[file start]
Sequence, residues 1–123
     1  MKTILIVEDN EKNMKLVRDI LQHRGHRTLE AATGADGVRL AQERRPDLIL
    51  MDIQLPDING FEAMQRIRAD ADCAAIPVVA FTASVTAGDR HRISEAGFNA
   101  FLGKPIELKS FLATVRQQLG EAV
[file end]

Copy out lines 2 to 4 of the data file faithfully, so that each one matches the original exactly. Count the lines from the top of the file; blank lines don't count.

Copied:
     1  MKTILIVEDN EKNMKLVRDI LQHRGHRTLE AATGADGVRL AQERRPDLIL
    51  MDIQLPDING FEAMQRIRAD ADCAAIPVVA FTASVTAGDR HRISEAGFNA
   101  FLGKPIELKS FLATVRQQLG EAV